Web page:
The Warm And The Wild

After two days traveling, I’m finally back with my family for Christmas. It’s wonderful to be back here from my travels. I love to go out into the wide wild world … and I love coming home to my gorgeous ex-fiancee.

It’s got me thinking about the odd life I’ve led, and rather than write something about that, I thought I’d put up here a story that I wrote a while back about my craving for adventure and my love of home and hearth. So here’s a Christmas story for everyone, with my best wishes.

When I was a kid on the cattle ranch my stepdaddy worked in the surrounding forest as what’s called a “timber feller”. The fellers actually fell the trees, they are the aristocracy of the logging crew, and by all accounts, he was a good one. One of the things he was best at was finding baby animals whose parents had been killed and bringing them home for us kids to raise. And because she took care of the ranch and the cattle and walked the fields and fences, my mom used to find them as well. At various times we had a baby horned owl named Dr. Simpson, a baby flying squirrel that could really fly, and of all things, a tiny baby skunk. Named The Skunk. We also had a dog named Puppy until it died of old age, and a cat named Kitty. The Skunk was always and ever just called “The Skunk”, in capital letters like that.

Dr. Simpson was the most amazing baby bird. She used to ride around on my mom’s shoulder. Her head could do that crazy owl trick of going almost all of the way around and then snapping back to the other side so fast it looked like her head was going in circles. Us kids loved to walk around her. She liked to take showers in the sink. We’d turn on the faucet, and she’d hop in under it, and preen her feathers, and make her funny owl sound.

We never kept them in pens or cages or anything, they just lived in the house. The squirrel liked to glide from the upper bunk bed to the floor, with us kids cheering her on.

We never mistook the owl and the squirrel for domestic animals, though. And when they got older, they seemed to recognize that. We made no attempt to send them back to the wild, but at some point when they got old enough they started spending more and more time outside, and then taking forays away from the house, and longer forays, but always returning each night before dusk and sleeping in their old beds. Then, first one and then the other were just gone, and we never saw either of them again.

The Skunk 2

The Skunk was different from the start. There’s no mistaking a skunk for a domestic animal. When they are tiny babies like The Skunk was, they hardly have any skunk smell at all. Their squirt guns don’t even develop until they are a few months old. But even then it’s clear that they are wild.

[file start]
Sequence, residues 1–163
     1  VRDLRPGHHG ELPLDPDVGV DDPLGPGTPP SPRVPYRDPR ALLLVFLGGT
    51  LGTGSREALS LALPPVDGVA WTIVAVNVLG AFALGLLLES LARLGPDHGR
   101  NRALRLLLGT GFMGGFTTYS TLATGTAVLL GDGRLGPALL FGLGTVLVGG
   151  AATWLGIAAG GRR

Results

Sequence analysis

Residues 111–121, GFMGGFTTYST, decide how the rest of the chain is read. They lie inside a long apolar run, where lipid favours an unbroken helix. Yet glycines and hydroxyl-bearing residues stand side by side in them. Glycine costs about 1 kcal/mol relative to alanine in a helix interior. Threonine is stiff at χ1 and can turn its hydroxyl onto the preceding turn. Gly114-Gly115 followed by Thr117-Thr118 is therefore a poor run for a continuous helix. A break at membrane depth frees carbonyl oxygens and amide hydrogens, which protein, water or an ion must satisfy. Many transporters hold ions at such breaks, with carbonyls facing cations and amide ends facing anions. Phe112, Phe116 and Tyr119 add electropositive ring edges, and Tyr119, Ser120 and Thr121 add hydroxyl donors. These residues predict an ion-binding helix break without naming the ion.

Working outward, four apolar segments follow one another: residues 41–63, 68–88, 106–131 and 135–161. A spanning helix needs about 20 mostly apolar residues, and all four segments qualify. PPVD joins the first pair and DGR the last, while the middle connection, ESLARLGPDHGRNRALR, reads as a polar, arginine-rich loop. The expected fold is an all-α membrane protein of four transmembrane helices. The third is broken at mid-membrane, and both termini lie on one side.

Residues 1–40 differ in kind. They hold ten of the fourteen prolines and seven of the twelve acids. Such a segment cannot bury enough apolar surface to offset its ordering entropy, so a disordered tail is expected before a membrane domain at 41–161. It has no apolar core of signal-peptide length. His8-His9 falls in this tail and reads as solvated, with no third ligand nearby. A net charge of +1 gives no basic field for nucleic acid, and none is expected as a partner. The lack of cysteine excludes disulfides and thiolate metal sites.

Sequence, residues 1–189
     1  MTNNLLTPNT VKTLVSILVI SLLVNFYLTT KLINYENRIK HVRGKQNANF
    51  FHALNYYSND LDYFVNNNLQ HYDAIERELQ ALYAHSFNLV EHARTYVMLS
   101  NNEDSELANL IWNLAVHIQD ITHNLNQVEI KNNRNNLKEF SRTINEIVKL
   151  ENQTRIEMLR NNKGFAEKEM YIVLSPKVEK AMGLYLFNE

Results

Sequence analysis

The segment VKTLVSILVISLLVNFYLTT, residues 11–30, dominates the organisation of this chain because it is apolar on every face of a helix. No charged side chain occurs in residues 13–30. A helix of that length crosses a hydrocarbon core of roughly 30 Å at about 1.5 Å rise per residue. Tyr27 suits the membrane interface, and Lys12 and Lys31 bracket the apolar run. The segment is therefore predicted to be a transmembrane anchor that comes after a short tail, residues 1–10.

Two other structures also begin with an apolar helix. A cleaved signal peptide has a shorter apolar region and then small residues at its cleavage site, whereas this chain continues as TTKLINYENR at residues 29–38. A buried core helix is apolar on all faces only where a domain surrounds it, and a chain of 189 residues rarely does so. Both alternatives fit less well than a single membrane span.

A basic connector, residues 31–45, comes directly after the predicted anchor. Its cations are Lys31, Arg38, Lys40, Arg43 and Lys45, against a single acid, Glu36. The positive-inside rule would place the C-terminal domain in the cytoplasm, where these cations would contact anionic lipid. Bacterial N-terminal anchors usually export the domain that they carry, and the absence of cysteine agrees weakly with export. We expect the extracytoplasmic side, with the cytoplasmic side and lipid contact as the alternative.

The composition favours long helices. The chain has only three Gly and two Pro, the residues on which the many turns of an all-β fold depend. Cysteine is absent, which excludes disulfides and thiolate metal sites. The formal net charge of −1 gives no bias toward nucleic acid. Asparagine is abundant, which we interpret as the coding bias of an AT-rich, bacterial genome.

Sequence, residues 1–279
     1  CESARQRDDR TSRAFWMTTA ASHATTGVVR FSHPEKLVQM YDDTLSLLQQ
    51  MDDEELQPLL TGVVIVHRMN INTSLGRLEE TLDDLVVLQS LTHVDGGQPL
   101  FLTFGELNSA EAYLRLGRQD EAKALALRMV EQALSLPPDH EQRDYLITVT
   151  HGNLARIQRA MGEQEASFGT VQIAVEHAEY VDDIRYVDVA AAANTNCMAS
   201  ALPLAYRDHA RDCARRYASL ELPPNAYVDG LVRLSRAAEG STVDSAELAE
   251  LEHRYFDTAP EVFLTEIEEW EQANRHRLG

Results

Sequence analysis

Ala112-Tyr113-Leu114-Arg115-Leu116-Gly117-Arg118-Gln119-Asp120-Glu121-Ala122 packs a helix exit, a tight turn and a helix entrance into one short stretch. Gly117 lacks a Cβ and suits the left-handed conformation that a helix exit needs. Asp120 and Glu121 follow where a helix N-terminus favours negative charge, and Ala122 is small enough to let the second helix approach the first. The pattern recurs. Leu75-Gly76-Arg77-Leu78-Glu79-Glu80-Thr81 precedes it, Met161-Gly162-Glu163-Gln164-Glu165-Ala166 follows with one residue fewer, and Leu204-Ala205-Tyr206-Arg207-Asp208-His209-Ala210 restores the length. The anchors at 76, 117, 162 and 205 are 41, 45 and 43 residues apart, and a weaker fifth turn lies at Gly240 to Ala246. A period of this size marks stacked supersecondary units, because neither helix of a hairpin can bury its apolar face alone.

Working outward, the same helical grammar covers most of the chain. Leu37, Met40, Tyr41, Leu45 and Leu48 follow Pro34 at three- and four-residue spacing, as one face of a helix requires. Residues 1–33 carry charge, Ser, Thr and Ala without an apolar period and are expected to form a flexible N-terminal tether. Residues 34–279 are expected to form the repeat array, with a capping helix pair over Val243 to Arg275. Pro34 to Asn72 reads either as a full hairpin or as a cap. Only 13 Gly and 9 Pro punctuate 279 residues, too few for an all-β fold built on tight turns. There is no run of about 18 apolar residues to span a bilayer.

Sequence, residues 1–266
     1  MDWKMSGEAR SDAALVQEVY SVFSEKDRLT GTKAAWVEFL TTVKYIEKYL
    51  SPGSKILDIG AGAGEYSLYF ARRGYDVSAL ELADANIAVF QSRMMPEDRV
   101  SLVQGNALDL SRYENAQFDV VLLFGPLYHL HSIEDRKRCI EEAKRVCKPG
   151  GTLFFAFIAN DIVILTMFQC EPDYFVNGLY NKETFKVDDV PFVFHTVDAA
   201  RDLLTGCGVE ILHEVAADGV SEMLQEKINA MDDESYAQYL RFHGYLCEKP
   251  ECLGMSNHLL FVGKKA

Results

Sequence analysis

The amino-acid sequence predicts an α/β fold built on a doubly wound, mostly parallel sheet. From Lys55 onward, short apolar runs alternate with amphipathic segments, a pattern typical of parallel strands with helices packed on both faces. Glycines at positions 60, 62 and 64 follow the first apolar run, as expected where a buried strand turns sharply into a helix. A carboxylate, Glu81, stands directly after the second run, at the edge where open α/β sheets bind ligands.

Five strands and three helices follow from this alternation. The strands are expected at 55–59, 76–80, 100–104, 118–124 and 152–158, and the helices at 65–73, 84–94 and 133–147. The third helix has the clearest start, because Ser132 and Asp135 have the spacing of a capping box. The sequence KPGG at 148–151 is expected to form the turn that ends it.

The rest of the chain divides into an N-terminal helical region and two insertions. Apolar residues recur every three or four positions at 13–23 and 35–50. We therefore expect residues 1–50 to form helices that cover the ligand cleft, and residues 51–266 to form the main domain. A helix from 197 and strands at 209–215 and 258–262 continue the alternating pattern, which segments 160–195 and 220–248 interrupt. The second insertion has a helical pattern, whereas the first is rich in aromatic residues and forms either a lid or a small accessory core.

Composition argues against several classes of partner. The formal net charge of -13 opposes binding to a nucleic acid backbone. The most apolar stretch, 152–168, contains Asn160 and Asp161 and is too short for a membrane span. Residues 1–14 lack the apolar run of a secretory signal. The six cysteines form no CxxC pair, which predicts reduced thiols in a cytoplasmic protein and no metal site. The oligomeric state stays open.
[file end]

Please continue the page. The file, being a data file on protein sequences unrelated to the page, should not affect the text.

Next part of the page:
Now you can get skunks de-scented, but when we first asked about it The Skunk was too young … and then the days ran on, and ran on some more, The Skunk was still around, ranch life went on, dog, cat, kids, horses, chickens, pigs, a whole raft of cattle, and the odd skunk … and one evening we were all getting dressed up to go to town. Going into town from the ranch was a big deal, seven miles of bad dirt road, it was always a notable occasion. And this time it was the school fair, involving bobbing for apples and the like, a night for kids instead of grownups. There were about twenty kids in our grade school, and seven of them were me and my brothers and cousins. My oldest cousin, she would have been maybe eleven, I was about seven. We were all excited to go. And that night, my cousin walked out on the porch, where she managed to startle The Skunk. He turned, and did that funny dang half-handstand thing that they do, lifted his hind end in the air, and gave my cousin the full head-to-toe treatment.

The Skunk

I’d never realized until that day that smells could be contagious, but that skunk smell was more catching than Ebola, and at least forty percent as lethal. My cousin came running back in the house, she was a very unhappy young lady … and when we laughed at her and said “P.U.”, that strange acronym from my childhood that meant she smelled really really bad, she understandably lost the plot entirely and tackled us and punched us around … by the time mom and my aunt came in from the back, every one of us had caught the smell. We didn’t just smell of skunk, however. We reeked of skunk, we radiated skunk, we were the source and very fount of skunk. It was one of those smells that seem to make the air around you shimmer like a heat mirage. The Skunk was still on the porch, no telling what he thought of the result of his first foray into the perfume business. All seven of us were unceremoniously dumped into the bathtub, the shower was turned on, and we were instructed to start scrubbing. Nowadays people talk about using tomato juice to get rid of the smell, but where the heck were we going to get ten gallons of tomato juice? Fels Naptha soap was what we used, and it does a dang poor job with skunk, too.